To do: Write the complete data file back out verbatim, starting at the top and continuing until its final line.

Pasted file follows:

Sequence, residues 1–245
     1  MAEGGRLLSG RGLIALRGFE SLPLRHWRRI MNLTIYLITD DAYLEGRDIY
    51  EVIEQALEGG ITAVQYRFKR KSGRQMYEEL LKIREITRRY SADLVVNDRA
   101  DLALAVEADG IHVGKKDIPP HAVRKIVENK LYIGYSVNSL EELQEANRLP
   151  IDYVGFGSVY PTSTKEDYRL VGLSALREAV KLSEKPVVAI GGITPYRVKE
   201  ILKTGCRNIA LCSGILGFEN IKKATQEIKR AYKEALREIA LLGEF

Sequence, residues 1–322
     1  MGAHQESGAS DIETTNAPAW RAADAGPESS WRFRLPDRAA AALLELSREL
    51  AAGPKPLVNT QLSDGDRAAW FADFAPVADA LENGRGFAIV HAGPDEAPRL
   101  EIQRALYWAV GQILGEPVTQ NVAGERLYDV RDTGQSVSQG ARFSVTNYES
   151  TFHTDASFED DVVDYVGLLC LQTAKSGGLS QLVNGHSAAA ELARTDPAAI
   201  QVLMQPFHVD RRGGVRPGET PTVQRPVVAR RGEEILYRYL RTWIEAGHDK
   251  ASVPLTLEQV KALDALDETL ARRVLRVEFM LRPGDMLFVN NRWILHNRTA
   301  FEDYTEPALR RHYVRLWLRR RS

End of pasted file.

Sequence, residues 1–245
     1  MAEGGRLLSG RGLIALRGFE SLPLRHWRRI MNLTIYLITD DAYLEGRDIY
    51  EVIEQALEGG ITAVQYRFKR KSGRQMYEEL LKIREITRRY SADLVVNDRA
   101  DLALAVEADG IHVGKKDIPP HAVRKIVENK LYIGYSVNSL EELQEANRLP
   151  IDYVGFGSVY PTSTKEDYRL VGLSALREAV KLSEKPVVAI GGITPYRVKE
   201  ILKTGCRNIA LCSGILGFEN IKKATQEIKR AYKEALREIA LLGEF

Sequence, residues 1–322
     1  MGAHQESGAS DIETTNAPAW RAADAGPESS WRFRLPDRAA AALLELSREL
    51  AAGPKPLVNT QLSDGDRAAW FADFAPVADA LENGRGFAIV HAGPDEAPRL
   101  EIQRALYWAV GQILGEPVTQ NVAGERLYDV RDTGQSVSQG ARFSVTNYES
   151  TFHTDASFED DVVDYVGLLC LQTAKSGGLS QLVNGHSAAA ELARTDPAAI
   201  QVLMQPFHVD RRGGVRPGET PTVQRPVVAR RGEEILYRYL RTWIEAGHDK
   251  ASVPLTLEQV KALDALDETL ARRVLRVEFM LRPGDMLFVN NRWILHNRTA
   301  FEDYTEPALR RHYVRLWLRR RS